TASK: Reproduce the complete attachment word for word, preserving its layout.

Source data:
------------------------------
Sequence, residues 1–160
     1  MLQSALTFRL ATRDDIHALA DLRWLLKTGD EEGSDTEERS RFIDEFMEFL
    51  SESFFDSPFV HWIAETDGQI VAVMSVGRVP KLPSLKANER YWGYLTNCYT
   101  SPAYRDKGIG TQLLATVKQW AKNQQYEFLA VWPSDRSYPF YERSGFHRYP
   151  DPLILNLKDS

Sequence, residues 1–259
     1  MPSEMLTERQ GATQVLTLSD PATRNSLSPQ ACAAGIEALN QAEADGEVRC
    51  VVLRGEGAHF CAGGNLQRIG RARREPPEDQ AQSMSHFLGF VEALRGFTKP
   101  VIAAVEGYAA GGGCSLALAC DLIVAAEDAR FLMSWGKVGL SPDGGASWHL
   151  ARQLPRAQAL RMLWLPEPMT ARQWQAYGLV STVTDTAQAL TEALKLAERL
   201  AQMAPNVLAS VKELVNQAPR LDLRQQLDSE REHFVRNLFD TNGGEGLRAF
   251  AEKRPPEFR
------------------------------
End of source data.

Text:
Sequence, residues 1–160
     1  MLQSALTFRL ATRDDIHALA DLRWLLKTGD EEGSDTEERS RFIDEFMEFL
    51  SESFFDSPFV HWIAETDGQI VAVMSVGRVP KLPSLKANER YWGYLTNCYT
   101  SPAYRDKGIG TQLLATVKQW AKNQQYEFLA VWPSDRSYPF YERSGFHRYP
   151  DPLILNLKDS

Sequence, residues 1–259
     1  MPSEMLTERQ GATQVLTLSD PATRNSLSPQ ACAAGIEALN QAEADGEVRC
    51  VVLRGEGAHF CAGGNLQRIG RARREPPEDQ AQSMSHFLGF VEALRGFTKP
   101  VIAAVEGYAA GGGCSLALAC DLIVAAEDAR FLMSWGKVGL SPDGGASWHL
   151  ARQLPRAQAL RMLWLPEPMT ARQWQAYGLV STVTDTAQAL TEALKLAERL
   201  AQMAPNVLAS VKELVNQAPR LDLRQQLDSE REHFVRNLFD TNGGEGLRAF
   251  AEKRPPEFR